Additionally, Plaintiff alleges facts that warrant determination by a jury. Plaintiff states that he is better qualified than the five persons promoted. (Pl.'s Opp. to Mot. for Summ. J. at 10:15 (citing Pl.'s Dec. ¶ 16-23.)). He contends that contrary to the declarations submitted by Defendant, he had knowledge either or superior to the individuals selected for certain Manager V positions. Id. A determination as to who is the more qualified candidate is ultimately a factually intensive question best resolved by a jury.
See, e.g., Barefield v. Bd. of Trs. of Cal. State Univ., Bakersfield, 500 F. Supp. 2d 1244 (E.D. Cal. 2007) ("[I]t is not the role of this Court to determine who was the most qualified, but only to determine if there is a genuine issue of fact for trial."); Lyons v. England, 307 F.3d 1092, 1117 (9th Cir. 2002) ("[W]hether appellants were as qualified as any of the promotion recipients is a factually intensive question best resolved by the jury.").
Plaintiff has raised an issue of fact that he may have been as qualified, or even more qualified, than the candidates selected for promotion. Plaintiff has thus provided sufficient evidence to raise a triable issue of fact that Defendant's proffered reason may be pretextual. Therefore, Defendant's motion for summary adjudication with respect to Plaintiff's race discrimination claim is denied.
D. Denied him a Lateral Transfer Because he is Black is Summary Adjudication of Plaintiff's Claim that the DMV Granted
Plaintiff's EEOC charge alleges that Plaintiff was "denied a lateral transfer to Staff Services Manager I FOD Sacramento Headquarters Staff, Position number 438-4800-001, Bulletin number 2-06-0400." DUF No. 57. Defendant argues that Plaintiff cannot state a prima facie case for discrimination given the fact that the advertised SSM I position was cancelled and the position abolished.
On March 15, 2006, the SSM I position, 438-4800-001, was advertised through bulletin number 2-06-0400. The position advertised, however, was canceled that same day. DUF Nos. 58-59. Defendant contends that the position was abolished to establish position number 024-4800-003. Plaintiff does not allege that he applied for this new position.
Plaintiff argues that even though he applied for a position that was literally cancelled the same day it was posted, he was still "rejected" for that position for purposes of establishing a discriminatory adverse employment action. While Plaintiff admittedly received no letter indicating that he was unqualified or that another candidate had been chosen, he persists in maintaining that the cancellation constitutes a discriminatory rejection. This is nonsensical. The Defendant cancelled the job bulletin the same say that it was posted. Not only did the Defendant not select a candidate over the Plaintiff, it also appears certain that Defendant failed to even consider the Defendant's application since the position was abolished the same day it was posted.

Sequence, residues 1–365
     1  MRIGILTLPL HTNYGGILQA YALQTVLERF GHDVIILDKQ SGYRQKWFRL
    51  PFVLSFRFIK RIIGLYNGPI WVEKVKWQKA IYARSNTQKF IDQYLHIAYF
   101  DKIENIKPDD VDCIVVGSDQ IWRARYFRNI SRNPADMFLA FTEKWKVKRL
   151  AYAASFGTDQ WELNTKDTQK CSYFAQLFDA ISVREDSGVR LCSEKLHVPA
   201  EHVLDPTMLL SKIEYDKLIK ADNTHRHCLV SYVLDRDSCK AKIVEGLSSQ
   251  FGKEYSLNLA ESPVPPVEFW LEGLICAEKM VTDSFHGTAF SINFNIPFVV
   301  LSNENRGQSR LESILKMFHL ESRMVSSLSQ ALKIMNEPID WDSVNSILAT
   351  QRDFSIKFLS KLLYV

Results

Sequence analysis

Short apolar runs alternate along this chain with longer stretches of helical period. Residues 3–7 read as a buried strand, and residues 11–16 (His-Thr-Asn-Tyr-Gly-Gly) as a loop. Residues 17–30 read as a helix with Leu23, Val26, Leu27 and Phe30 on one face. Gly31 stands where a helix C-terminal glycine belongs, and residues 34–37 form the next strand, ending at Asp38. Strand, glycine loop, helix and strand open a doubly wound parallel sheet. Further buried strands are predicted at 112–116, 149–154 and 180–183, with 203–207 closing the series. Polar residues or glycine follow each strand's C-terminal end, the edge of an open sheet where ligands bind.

Plaintiff nonetheless argues that "the position remained open until it was filled by someone of Plaintiff's qualifications." (Pl.'s Opp'n to Def.'s Mot. for Summ. J. 13:18-19.) Plaintiff alleges the position was filled by Jill D. Ledden, a non African-American female. As evidence of this fact, Plaintiff cites to a Deposition in which a DMV employee, Babette Williams, states that Ms. Ledden was in fact hired.
However, in the same deposition, Ms. Williams admits, consistent with Defendant's version of events as enumerated above, that the DMV position applied for by Plaintiff had in fact been "dropped" for workload reasons. See Williams Dep., 6/09/09, 48:14-49:5. Thus, the evidence Plaintiff cites actually supports Defendant's claim that the cancellation of the position had nothing to do with Plaintiff.
Given that the Plaintiff has failed to rebut Defendant's evidence with any information demonstrating adverse employment action or some other circumstance indicating a discriminatory motive, Defendant's motion for summary adjudication of Plaintiff's claim that the DMV denied him a lateral transfer because of his color must be granted.